Insights into Editorial: Financing reindustrialization: bring back development banks
Context in view of Commercial banks:
Many commercial banks in India are under financial stress. This has imparted a fragility to the banking system as a whole. Scams and scandals surface from time to time, making headline news. There is also a quiet crisis that runs deep. It is not audible yet. But it is mounting, since recurring failures of regulation or governance have not led to any accountability or corrective action. If the problem continues to be neglected, a trust deficit could develop over time.
Roots of the Problem of Financial Stress:
The fundamental problem is the non-performing assets (NPAs) of commercial banks. An asset becomes non-performing when it ceases to yield any interest or income for the bank. It is a bad loan. Such NPAs are rising rapidly. This rise is partly a consequence of the far more rigorous asset quality review by the Reserve Bank of India (RBI) based on its income-recognition and asset-classification norms.
The NPAs in the Indian banking system posing a threat to the stability of the country’s financial system and the economy. India has been ranked fifth on the list of countries with the highest Non-Performing Assets (NPAs), by CARE Ratings.
Reports and Data from RBI:
The RBI financial stability report shows that for all commercial banks, gross NPAs as a proportion of total assets were 9.6% in March 2017 and an estimated 10.8% in March 2018. For public sector banks, these proportions were higher at 11.4% and 14.5%, respectively. The problem is obviously serious in public sector banks. Even if private sector banks fare better, they also have the same problem. Hence privatization is no solution.
The systemic problem of bad loans needs to be addressed.
Factors for Piling up of NPA’s:
The underlying factors are common. Lending at political behest plagues public sector banks but private sector banks are not immune either. Lending could be driven by corrupt behaviour if bank managers collude with corporate borrowers to collect margins for themselves without assessing risk before extending bad loans.
Apart from behest, corrupt or inept lending, some systemic problems arose. Commercial banks simply did not have the capability to assess credit risk on long-term investment lending because they have always been engaged in advancing short-term working capital.
Moreover, commercial banks were caught in a maturity mismatch, because they borrowed short from depositors but had to lend long to investors.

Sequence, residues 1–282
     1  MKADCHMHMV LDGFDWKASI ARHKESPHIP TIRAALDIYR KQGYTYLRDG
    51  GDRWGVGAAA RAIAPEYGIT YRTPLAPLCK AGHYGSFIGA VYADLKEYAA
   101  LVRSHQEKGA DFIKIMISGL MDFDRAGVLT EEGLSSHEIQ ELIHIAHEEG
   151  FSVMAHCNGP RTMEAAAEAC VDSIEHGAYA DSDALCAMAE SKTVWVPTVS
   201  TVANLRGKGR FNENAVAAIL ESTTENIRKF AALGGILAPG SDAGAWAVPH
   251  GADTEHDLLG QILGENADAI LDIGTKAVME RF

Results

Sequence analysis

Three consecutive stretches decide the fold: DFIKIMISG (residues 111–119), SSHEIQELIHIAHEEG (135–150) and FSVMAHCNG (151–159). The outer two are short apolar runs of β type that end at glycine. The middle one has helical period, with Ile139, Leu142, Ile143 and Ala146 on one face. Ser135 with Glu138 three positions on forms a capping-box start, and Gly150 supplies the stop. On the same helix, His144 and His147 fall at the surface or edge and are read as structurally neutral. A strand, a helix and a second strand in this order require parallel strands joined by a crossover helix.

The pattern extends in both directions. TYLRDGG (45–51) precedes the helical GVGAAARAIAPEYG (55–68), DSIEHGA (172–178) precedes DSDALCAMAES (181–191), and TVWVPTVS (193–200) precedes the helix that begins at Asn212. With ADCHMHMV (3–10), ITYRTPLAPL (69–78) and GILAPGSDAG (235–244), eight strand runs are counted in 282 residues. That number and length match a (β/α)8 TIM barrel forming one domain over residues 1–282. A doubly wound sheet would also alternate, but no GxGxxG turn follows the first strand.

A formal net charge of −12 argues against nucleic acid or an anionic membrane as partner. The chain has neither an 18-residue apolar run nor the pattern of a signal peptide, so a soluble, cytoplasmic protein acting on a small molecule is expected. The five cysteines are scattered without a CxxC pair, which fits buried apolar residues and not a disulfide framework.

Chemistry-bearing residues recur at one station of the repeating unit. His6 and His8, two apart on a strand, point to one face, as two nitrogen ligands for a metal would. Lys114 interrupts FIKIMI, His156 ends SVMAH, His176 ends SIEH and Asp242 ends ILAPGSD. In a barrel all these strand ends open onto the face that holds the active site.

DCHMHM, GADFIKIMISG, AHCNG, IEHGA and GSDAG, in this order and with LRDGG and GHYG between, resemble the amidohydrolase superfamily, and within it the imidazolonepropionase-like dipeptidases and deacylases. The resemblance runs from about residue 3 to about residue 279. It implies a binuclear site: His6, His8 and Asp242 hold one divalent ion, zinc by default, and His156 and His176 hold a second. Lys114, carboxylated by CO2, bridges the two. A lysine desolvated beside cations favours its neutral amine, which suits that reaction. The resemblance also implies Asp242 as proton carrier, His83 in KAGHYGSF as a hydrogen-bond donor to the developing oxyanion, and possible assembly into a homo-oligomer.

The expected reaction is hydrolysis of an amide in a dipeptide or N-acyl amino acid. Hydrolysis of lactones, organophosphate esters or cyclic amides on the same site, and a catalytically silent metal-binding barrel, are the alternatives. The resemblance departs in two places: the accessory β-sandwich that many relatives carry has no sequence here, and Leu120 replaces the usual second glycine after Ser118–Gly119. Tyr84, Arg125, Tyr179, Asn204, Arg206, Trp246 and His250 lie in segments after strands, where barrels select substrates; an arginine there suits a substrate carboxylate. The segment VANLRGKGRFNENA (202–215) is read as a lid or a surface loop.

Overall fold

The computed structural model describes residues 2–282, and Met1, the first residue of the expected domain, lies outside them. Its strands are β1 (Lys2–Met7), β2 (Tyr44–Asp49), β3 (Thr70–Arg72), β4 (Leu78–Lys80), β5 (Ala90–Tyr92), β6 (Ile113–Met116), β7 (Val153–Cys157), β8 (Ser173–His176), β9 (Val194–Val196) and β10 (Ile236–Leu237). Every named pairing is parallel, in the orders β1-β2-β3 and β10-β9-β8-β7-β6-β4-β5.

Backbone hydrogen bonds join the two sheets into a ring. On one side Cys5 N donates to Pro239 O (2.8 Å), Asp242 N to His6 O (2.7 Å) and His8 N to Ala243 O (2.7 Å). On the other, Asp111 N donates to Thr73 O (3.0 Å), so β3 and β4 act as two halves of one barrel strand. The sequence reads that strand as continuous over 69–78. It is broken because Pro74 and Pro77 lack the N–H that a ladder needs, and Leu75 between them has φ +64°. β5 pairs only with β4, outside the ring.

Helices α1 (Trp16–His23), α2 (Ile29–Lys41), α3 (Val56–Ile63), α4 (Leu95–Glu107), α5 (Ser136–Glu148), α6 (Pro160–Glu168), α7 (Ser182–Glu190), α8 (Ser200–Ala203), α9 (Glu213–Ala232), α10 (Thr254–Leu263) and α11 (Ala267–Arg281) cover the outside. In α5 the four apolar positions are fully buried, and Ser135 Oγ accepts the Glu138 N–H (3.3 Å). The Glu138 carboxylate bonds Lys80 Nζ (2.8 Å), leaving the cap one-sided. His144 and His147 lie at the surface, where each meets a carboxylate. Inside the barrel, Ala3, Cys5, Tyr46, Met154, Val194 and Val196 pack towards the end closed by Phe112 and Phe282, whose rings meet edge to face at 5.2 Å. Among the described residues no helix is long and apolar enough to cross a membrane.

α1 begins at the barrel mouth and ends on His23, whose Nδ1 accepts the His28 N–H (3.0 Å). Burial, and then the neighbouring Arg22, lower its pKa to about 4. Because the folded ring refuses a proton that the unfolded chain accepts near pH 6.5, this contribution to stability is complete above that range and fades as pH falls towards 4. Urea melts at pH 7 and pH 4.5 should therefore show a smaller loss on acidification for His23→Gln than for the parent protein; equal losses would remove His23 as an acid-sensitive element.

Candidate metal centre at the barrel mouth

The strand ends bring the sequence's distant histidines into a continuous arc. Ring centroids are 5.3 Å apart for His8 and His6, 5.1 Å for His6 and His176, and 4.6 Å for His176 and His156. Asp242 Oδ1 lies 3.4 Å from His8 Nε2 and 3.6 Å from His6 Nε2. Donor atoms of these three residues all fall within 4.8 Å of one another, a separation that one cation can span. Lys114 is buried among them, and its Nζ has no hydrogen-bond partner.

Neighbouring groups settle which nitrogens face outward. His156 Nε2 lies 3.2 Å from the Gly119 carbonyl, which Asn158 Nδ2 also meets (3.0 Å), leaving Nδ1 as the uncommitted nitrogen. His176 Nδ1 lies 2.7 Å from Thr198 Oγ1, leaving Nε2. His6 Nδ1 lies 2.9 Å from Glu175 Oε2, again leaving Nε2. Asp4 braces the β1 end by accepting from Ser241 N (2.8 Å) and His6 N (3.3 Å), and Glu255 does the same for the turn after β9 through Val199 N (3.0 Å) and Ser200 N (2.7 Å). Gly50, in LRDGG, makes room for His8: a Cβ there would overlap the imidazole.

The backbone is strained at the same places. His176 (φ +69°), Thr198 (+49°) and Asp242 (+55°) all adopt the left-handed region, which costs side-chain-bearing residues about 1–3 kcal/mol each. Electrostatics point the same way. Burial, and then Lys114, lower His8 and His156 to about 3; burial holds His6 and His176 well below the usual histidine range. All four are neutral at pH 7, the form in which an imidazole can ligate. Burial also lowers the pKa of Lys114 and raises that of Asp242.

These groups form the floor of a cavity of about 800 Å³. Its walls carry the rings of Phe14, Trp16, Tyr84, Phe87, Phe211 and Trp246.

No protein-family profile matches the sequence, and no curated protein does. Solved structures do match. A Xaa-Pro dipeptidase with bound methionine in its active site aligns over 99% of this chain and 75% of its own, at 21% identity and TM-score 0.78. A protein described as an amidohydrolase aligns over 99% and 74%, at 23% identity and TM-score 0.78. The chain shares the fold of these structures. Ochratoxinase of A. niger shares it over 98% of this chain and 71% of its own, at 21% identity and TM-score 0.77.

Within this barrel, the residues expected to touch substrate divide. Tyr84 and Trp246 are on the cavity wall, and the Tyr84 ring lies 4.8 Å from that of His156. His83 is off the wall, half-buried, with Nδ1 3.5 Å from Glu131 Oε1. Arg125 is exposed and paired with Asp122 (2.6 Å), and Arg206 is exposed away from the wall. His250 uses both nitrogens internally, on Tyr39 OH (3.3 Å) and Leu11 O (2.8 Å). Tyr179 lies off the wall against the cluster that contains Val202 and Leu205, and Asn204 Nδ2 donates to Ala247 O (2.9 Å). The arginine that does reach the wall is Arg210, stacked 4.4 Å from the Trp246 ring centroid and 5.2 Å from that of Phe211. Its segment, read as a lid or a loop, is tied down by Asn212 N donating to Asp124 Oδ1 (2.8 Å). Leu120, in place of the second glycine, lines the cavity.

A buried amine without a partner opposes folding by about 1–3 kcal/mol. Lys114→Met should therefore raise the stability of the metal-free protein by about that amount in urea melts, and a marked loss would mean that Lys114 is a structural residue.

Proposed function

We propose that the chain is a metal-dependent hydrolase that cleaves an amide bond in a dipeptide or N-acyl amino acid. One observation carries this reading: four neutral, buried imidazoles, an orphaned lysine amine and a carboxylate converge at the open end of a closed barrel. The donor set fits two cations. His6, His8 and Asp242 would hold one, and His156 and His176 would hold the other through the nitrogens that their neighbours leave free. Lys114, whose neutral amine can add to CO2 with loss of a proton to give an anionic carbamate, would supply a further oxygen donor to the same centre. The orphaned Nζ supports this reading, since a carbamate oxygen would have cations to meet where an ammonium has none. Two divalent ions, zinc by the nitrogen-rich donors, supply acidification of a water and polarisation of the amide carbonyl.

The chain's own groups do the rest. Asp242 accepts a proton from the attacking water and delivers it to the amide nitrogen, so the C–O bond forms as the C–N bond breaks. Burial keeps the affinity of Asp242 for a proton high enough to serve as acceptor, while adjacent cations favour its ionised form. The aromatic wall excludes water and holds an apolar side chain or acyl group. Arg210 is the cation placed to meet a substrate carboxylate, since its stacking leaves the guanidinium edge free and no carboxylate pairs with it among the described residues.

Development Finance Institutions (DFIs):
Until the early 2000s, development finance institutions (DFIs) had done much of the lending to corporate entities for investment in the manufacturing or services sectors. These began winding down in 2000 and were closed down in 2005. Then borrowing from commercial banks emerged as an important alternative source of corporate financing.
India was a pioneer in establishing DFIs, its equivalent of development banks to kick-start industrialization.
There were three components in this process:
- Long-term-lending institutions that were nationwide,
- Institutions for the states, and
- Investment institutions.
- The term-lending institutions were the Industrial Finance Corporation of India (IFCI), Industrial Credit and Investment Corporation of India (ICICI), and Industrial Development Bank of India (IDBI).The essential objective of these national institutions was to provide long-term finance for private investment in the industrial sector, with funds from the Central government and RBI on concessional terms.
- State financial corporations (SFCs) and state industrial development corporations (SIDCs) were set up to provide long-term finance for small and medium enterprises in the manufacturing sector of respective states, with funds from their respective governments on concessional terms.
- The third component, investment institutions, was unusual in this role. It was made up of Life Insurance Corporation of India (LIC), Unit Trust of India (UTI) and General Insurance Corporation of India (GIC). These institutions raised finances by mobilizing the savings of households, by spreading insurance habits, and by opening up avenues of higher returns on the financial savings of individuals.
Obviously, their sources of finance, either households or individuals, were mostly small savers. The provision of long-term development finance, in the form of loans or equity, emerged as a secondary objective for these institutions.